Take a note from experienced entrepreneurs who wish they could have been more assertive when opportunities to make valuable relationships arose. When it comes to putting your ideas out there, don’t let anything stop you from being heard.

Poonam Bir Kasturi, founder of Daily Dump - designing and building products and services for decentralized waste management in homes, communities, offices and public spaces: “Get better at networking - you have no idea how important that is in this world if you want to scale.”

“Make your business futureproof – build a strong network now that you can call on in the future. This way, you can prepare against hitting roadblocks in times of growth. “

Chinwe Ohajuruka, founder of Comprehensive Design Servicesfocusing on affordable green housing in emerging markets, says: “If I could travel back in time, I would tell myself to get out there and network more. Engage many more people with my vision and do not be too hesitant, proud or shy to ask for help when I need it. I would also encourage myself not to be too modest, and to toot my horn every step of the way to garner more interest in and appreciation of what it is I am trying to do!”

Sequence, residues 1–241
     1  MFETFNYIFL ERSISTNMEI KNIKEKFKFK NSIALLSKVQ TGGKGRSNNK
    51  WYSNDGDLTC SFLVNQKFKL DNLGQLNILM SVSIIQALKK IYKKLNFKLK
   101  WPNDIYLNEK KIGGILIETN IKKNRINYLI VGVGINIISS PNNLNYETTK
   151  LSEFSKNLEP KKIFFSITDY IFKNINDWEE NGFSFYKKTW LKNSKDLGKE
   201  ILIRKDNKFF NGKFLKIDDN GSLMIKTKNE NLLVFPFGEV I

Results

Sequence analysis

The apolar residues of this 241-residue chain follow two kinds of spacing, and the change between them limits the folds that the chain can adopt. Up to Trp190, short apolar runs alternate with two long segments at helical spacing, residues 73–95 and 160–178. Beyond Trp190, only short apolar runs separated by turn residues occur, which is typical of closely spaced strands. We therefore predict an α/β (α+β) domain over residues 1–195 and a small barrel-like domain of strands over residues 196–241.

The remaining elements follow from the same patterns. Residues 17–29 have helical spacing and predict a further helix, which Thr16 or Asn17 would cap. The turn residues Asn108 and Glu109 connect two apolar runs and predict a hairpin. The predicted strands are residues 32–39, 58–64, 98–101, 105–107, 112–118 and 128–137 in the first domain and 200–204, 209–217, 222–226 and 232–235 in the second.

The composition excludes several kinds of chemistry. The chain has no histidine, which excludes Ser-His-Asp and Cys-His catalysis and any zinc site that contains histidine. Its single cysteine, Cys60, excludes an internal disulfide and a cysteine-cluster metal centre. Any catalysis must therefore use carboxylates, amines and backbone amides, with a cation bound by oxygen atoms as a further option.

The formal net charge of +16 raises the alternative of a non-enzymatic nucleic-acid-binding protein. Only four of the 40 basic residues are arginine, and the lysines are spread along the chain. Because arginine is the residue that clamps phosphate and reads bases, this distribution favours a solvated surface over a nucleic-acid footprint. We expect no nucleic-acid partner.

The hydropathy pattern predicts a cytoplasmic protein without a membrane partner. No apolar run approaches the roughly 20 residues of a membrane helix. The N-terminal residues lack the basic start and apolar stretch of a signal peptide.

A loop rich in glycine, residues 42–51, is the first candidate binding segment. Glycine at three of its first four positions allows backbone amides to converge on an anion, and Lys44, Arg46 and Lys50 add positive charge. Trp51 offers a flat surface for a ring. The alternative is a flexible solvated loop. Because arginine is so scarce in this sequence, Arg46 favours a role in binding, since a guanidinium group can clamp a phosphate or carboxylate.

Put yourself out there. If you don’t believe in and shout about your idea, no one else will.

Megan Miller, Bitty Foods: “Find people who’ve walked ahead of you, who have contacts and smart advice. You would just be reinventing the wheel if you didn’t reach out and find smart people who have experience to mentor you.”

Be resourceful. It is not valuable to DIY for the sake of it. Work smart and don’t waste your time wrestling with a problem for which someone else has already found a great solution.

Urvashi Sahni, founder of SHEF – providing quality education to underprivileged girls in India: “I think about networks as clusters of people with a shared interest or goal. This is how movements work, as you gather together more and more drivers of change. “

So, go forth and multiply your networks!